Posted by: Dr. Y. | November 24, 2014

Reclaiming African History: Slavery and its Ugly Head

Slave ships

Slave ships

I am going to start a series on reclaiming our history. I will be talking about slave forts across Africa. There were over 30 slave forts in Ghana only. How many in other countries? We will find out through this exercise. These fortified trading posts were built between 1482 and early 1800s by Portuguese, British, Swedish, English, Danish, Dutch, and French traders that plied the African coast. Initially, they had come in search of gold (in Ghana), ivory (in Ivory Coast), pepper (along the Pepper Coast) and then later, they discovered cheap labor: thus was born the slave trade. There was intense rivalry between those European powers for the control of the West African coast from Senegal, to as far south as Angola.

Slave capture

Slaves marching after capture

It is estimated that over 20 million Africans were sold into slavery during the Atlantic slave trade; this does not account for those who died during the trip aboard the ship (about 1/3), and those who were killed during the capture. Slaves were taken to North America, the Caribbeans, and Brazil. Moreover, this is an estimate for the transatlantic slave trade only, but did you know that slaves were also taken by Arabic sailors from the East Coast of Africa, to places like Saudi Arabia and as far as India?

The Transatlantic slave trade

The Transatlantic slave trade

The Portuguese began dealing in black slaves from Africa in the 15th century. Initially, they purchased slaves from Islamic traders, who had established inland trading routes to the sub-Sahara region. Later, as the Portuguese explored the coast of Africa, they came upon the Senegal River, and found that they could purchase slaves directly from Africans. The European slave trading activity moved south along the African coast over time, as far south as Angola. On the east coast of Africa and in the Indian Ocean region, slaves were also taken from Mozambique, Zanzibar and Madagascar. Many of the slaves were from the interior of Africa, having been taken captive as a result of tribal wars, or else having been kidnapped by black slave traders engaged in the business of trading slaves for European goods. These slaves would be marched to the coast to be sold, sometimes traveling hundreds of miles. Many perished along the way. The captured Africans were held in forts or slave castles along the coast. They remained there for months crammed in horrible conditions inside dungeons for months before being shipped on board European merchant ships chained at the wrists and legs with irons, to North America, Brazil, and the West Indies.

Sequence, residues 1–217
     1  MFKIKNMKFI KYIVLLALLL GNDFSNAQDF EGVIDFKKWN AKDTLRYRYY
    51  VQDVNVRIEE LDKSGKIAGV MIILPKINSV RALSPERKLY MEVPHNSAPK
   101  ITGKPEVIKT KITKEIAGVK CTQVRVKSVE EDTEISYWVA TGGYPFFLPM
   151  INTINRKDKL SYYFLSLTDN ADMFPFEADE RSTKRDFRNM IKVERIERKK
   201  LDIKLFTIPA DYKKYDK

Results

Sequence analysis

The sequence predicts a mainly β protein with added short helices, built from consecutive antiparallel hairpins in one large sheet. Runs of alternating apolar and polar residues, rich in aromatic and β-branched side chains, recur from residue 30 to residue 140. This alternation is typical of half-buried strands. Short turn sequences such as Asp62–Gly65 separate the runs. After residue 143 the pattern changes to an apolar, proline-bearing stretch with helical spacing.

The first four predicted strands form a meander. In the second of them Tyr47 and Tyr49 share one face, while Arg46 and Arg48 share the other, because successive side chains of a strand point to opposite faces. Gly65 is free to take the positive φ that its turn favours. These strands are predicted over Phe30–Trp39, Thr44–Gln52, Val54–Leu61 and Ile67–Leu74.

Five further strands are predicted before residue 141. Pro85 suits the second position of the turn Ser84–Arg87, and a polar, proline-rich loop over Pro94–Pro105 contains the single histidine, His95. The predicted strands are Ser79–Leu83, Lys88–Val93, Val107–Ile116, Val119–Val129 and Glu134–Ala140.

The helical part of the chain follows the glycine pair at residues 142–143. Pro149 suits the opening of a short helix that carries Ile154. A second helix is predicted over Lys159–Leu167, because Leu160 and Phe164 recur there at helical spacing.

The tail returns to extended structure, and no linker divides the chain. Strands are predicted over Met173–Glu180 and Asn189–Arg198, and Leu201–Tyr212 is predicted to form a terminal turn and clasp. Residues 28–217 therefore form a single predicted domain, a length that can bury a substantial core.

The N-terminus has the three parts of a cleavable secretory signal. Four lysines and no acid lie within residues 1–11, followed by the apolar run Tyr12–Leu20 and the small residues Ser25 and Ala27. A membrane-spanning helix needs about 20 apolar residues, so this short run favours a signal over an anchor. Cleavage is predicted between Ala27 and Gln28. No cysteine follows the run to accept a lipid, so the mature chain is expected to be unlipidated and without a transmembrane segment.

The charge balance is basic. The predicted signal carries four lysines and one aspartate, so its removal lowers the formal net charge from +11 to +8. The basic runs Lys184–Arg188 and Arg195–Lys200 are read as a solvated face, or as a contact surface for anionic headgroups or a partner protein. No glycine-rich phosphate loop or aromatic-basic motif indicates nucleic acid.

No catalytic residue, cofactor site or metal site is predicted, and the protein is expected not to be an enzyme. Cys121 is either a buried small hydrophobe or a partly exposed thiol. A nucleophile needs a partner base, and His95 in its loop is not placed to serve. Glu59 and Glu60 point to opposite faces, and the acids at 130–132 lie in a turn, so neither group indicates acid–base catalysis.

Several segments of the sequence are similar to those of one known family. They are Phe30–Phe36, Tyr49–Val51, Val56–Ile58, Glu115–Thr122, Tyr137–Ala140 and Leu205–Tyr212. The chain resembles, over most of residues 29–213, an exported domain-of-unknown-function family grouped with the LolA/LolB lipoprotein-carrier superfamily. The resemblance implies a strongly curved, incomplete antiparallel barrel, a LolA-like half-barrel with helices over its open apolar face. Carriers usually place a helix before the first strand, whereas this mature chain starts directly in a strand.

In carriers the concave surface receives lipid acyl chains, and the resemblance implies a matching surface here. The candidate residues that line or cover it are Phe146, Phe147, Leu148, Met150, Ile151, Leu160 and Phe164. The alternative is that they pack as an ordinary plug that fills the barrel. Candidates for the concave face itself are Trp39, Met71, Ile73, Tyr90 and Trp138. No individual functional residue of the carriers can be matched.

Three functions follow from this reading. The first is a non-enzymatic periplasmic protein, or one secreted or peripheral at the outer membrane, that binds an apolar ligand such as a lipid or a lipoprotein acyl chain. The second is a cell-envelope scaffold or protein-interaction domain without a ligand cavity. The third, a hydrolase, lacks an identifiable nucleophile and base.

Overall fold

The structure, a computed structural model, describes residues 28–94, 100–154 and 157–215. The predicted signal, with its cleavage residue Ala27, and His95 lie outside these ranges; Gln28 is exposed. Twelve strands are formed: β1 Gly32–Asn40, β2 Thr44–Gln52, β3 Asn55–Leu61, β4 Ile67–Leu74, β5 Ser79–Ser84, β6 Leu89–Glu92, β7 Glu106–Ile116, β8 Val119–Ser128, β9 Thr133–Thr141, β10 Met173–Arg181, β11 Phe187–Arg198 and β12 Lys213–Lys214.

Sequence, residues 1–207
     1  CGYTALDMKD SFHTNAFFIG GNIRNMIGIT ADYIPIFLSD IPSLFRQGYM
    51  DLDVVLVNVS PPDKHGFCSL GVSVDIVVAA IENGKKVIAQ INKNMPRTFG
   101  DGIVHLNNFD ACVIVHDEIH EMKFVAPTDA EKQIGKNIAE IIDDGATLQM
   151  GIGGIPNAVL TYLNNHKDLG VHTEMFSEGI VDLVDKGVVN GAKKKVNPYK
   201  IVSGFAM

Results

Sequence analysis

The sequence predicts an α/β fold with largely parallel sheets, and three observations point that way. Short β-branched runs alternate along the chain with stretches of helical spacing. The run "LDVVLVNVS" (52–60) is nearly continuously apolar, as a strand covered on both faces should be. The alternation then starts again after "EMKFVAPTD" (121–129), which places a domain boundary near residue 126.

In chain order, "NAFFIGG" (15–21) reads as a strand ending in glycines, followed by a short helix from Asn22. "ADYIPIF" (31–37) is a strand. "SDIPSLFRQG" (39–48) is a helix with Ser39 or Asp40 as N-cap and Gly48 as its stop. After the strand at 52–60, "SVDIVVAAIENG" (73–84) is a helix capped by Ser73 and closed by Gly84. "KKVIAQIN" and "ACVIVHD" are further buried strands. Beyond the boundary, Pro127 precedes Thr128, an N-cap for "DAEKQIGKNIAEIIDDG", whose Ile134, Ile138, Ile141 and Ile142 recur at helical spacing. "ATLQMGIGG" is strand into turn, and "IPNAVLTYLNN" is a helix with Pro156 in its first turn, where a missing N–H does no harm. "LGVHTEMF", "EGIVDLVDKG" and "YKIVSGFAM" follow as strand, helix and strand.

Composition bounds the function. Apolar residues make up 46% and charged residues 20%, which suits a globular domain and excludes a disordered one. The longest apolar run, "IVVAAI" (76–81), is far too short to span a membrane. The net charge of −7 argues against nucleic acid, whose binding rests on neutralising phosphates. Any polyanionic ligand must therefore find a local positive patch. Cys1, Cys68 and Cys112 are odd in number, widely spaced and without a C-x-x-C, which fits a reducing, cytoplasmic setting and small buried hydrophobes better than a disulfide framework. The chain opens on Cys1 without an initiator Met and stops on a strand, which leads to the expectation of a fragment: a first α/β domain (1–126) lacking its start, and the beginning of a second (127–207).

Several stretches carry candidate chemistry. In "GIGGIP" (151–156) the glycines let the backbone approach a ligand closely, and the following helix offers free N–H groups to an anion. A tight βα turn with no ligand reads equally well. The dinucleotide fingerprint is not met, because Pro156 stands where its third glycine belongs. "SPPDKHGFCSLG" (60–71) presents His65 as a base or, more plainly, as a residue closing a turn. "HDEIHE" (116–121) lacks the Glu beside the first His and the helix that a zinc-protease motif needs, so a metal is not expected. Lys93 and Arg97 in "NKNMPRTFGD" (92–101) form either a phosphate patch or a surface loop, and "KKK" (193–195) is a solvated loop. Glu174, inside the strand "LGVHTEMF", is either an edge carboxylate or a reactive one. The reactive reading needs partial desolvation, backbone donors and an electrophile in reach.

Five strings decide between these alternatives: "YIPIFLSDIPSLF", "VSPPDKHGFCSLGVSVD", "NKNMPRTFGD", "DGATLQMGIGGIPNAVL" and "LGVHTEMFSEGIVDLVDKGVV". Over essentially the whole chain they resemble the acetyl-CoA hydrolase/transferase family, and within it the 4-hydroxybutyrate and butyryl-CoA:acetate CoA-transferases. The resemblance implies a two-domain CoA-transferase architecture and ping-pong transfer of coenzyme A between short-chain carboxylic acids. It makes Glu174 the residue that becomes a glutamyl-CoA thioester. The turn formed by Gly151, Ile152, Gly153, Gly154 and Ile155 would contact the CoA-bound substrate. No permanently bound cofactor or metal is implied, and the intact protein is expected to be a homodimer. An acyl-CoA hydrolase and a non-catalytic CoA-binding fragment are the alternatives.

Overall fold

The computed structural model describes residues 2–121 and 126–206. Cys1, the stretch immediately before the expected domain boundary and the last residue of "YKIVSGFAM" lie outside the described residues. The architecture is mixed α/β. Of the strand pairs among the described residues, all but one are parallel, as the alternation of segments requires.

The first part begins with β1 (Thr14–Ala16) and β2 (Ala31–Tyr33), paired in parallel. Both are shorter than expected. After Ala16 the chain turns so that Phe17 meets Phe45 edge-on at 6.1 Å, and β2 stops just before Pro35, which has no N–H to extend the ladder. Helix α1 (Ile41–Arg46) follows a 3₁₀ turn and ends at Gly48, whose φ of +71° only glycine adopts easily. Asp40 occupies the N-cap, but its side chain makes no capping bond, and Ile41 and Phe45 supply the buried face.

Slaves on board a ship

Slaves on board a ship

African rulers were instrumental in the slave trade, as they exchanged prisoners of war (rarely their own people) for firearms which in turn allowed them to expand their territories. The slave trade had a profound effect on the economy and politics of Africa, leading in many cases to an increase in tension and violence, as many kingdoms were expanding.

Inspection of slave for sale

Inspection of slave for sale

The slave trade was responsible for major disruption to the people of Africa. Women and men were taken young, in their most productive years, thus damaging African economies. The physical experience of slavery was painful, traumatic and long-lasting. We know this from the written evidence of several freed slaves. Captivity marked the beginning of a dehumanizing process that affected European attitudes towards African people. Can you imagine losing 1/3 or more of your active population? It is hard to fathom what crippling effect that will have on any country’s progress. That is why, in upcoming months, I will be talking and trying to identify slave forts in Africa, in an attempt to reclaim our history. I know this is a touchy subject, but it is history: the bad, the ugly, the beautiful, the joyous. It is important to know history in order to be able to claim the future fully, without any baggage.


Responses

  1. https://www.youtube.com/watch?v=VOP9OQTuTZg. https://www.youtube.com/watch?v=oL_KS6pQxe4 THE CHILDREN OF THE SUN (VOL.1) 2 3

    How BLACK EGYPT BECAME WHITE. http://www.exodusgodsandkings.com/#home